When you think of an invasive plant, what is the first image that comes to mind? Something ugly and creeping? A mat of kudzu, or perhaps the painful spikes of a thistle? In a cruel twist of fate, two of the most infamous invasive plants in Oregon are a pretty yellow flower and a delicious fruit. Scotch broom and Himalayan blackberry were introduced here as a garden ornamental and a berry crop, and have rapidly spread across the state. Now their presence is so visible, even the local fifth graders have taken notice.
(A logging road overrun with scotch broom on either side.)
A few weeks ago, I ran a short workshop on invasive plants for Douglas County fifth-grade students. My time was short, as was their collective attention span, so I gave a simple crash course in invasion ecology. Non-native plants become invasive when they disrupt the natural functions and processes of native ecosystems. They often thrive in disturbed habitats and out-compete all other species. These invasive species need to be managed to maintain healthy levels of biodiversity in an ecosystem. I was gratified to see nods of understanding, and I came to realize how familiar these students already were with Oregon’s invasive plants. I heard countless stories of yards bursting with blackberries or roadsides lined with scotch broom. These kids did not need to use their imaginations to picture the dramatic effect that invasive species have in reshaping ecosystems, because they see it happening every day.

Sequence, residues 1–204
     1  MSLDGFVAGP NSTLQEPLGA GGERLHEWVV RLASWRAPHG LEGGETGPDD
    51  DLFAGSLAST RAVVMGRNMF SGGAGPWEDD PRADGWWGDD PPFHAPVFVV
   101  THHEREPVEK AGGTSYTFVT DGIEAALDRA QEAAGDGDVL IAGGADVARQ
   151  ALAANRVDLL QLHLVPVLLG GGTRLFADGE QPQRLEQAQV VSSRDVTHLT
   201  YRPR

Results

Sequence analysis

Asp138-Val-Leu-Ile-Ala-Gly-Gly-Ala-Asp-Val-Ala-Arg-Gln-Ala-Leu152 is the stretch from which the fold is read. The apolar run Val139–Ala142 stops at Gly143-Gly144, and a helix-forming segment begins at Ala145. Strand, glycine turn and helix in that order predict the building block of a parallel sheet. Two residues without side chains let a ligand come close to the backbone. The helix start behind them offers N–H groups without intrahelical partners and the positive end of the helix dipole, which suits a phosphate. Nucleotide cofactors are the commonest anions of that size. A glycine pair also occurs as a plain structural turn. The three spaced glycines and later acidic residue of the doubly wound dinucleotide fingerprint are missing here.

The most common ways to manage scotch broom and blackberry are to manually remove them, spray them with herbicide, or use the cut stump method. In this last treatment, the plant is cut down to the stump, which is then sprayed with herbicide. Unfortunately, I do not have a pesticide applicator’s license yet, so my part in these management efforts has been less direct. For the past three weeks, I have been visiting recently disturbed or soon-to-be disturbed sites and mapping the location of scotch broom, blackberry, and a few other invasive plants.
(Mapping a patch of Himalayan blackberry in aftermath of the Horse Prairie wildfire, which occurred in August of 2017.)
After all, to manage an invasive species, you first have to know where it is. In addition, mapping the location of an invasive plants over time is a good way to measure the success of various management strategies. Toward this end, I have been recording the location of our invasive plant targets at two different sites: a road system that will soon be used as a timber haul route, and a large area of land that burned in a wildfire last year. I was sent to these sites because disturbed habitat is normally a stimulus for the establishment and spread of invasive species, so there is a special need to monitor these areas and target them for herbicide treatment.
(Disturbed ecosystems, like this forest after a large wildfire, are prime habitat for invasive species.)
Managing invasive species often feels like an uphill climb. An extremely steep one. Time and resources are limited, and the spread of invasive plants is not an especially charismatic topic to rally around. But at least I can do my part, in mapping these plants, to contribute to the continued health and integrity of Oregon’s native ecosystems. Perhaps someday there will be a Douglas County fifth-grader who has never even seen a non-native blackberry.